Recently we have been writing a lot about Initial Coin Offerings (ICOs) not only because the news is awash with coverage of fraudulent ICOs but also because we are being approached by a growing number of new clients who have unfortunately fallen victim to this type of digital scam.
If you’ve missed the advent of the ICO it is basically a new take on the more traditional IPO (Initial Public Offering) in which the company seeking investment offers its investors its own crypto-currency in return for their cash. The theory is – and it is admittedly a theory supported by an increasing number of success stories – that the coins will be worth a great deal more once the company is up and running.
As public interest grows, so does the number of start-ups choosing to exploit this new funding stream. After all it allows the company to circumvent venture capitalists (and their fees) and allows them to raise millions of dollars in a shorter time and keep almost all of that money for themselves.
While an ICO is not hugely complicated, industry experts say it is about to become even easier. Polymath Inc., a Canadian technology company, has created an investment platform designed to walk businesses interested in launching and ICO straight through the process from creation to fundraising and, if necessary, onto further rounds of trading. Polymath also claims their platform will work for any entrepreneur regardless of how well developed they are tech-wise.
More importantly the creators claim it will also comply with the increasingly rigid international regulatory environment currently being created around ICOs, a move many of the world’s financial markets have pushed hard because of the rising number of and increasing publicity around fraudulent ICOs.
If the Polymath platform takes hold it is highly likely that it will ultimately create a spike in the already booming token sales market. It will also make it even easier for entrepreneurs to access a greater number of potential investors, all anxious to take full advantage of an investment vehicle that has raised a total of almost $2 billion in less than two years because, according to reports, there is the possibility to double ones money in a matter of days.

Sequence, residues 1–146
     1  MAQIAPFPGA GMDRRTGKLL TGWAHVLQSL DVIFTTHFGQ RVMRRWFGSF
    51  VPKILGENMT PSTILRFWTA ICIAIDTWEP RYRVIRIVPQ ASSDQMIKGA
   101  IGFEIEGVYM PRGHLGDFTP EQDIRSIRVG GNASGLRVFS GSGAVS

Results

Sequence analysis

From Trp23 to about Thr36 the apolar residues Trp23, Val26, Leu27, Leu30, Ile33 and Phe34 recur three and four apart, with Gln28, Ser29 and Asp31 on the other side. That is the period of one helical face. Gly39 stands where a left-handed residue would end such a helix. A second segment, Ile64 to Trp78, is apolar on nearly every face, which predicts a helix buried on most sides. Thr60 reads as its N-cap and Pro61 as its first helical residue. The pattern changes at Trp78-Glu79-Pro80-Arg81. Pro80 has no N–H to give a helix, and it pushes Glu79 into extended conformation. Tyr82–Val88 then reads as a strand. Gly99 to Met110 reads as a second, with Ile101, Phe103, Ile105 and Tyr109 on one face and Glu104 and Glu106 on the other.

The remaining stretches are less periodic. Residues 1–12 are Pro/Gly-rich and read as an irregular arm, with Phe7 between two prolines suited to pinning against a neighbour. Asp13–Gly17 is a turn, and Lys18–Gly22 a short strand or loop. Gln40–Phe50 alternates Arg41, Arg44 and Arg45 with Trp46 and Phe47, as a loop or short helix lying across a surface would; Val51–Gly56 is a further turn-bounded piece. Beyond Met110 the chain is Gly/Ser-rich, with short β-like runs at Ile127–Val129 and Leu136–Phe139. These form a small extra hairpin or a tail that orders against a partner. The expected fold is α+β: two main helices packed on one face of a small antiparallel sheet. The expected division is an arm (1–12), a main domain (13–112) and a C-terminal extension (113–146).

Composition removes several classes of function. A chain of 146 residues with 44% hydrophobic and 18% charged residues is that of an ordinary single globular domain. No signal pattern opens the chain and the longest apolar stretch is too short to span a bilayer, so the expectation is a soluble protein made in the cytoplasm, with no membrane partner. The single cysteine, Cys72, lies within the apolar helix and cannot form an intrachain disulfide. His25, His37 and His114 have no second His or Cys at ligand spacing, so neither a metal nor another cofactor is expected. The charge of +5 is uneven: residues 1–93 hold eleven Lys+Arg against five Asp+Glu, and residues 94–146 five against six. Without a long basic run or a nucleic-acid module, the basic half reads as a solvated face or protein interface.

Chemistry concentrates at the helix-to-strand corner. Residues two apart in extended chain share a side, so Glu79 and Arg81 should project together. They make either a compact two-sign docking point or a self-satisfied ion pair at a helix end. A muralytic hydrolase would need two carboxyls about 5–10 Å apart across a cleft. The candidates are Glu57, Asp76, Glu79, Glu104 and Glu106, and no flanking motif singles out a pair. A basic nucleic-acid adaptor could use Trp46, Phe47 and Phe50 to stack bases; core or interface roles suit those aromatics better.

However, our concern is that making it easier to run an ICO could well make it easier to run a fraudulent ICO. Although the potential returns are without doubt enormously attractive to an investor, the fact is a number of companies launching offer little more than a website and a slick sales pitch. This is where people are becoming unstuck.
The golden rule when it comes to participating in an ICO is to make sure you perform comprehensive due diligence on the company you are about to invest in before you buy your first token. Search on the company, on the owners and on the technology they are purporting to launch. If there is any suggestion of any impropriety or any negative chatter online, don’t progress your interest.
Similarly make sure you request a copy of the company’s full business plan and of any previous investment or investors. If there is nothing to hide, the company will not be concerned about providing that information but if they prove reticent or obstructive, don’t progress your interest.
However, if you have fallen victim to an ICO fraud or any other type of digital scam our team of solicitors have all of the specialist legal experience required to resolve every type of digital fraud you will need. Call us today on 020 7792 5649 or email us at email@example.com and we will explain what you will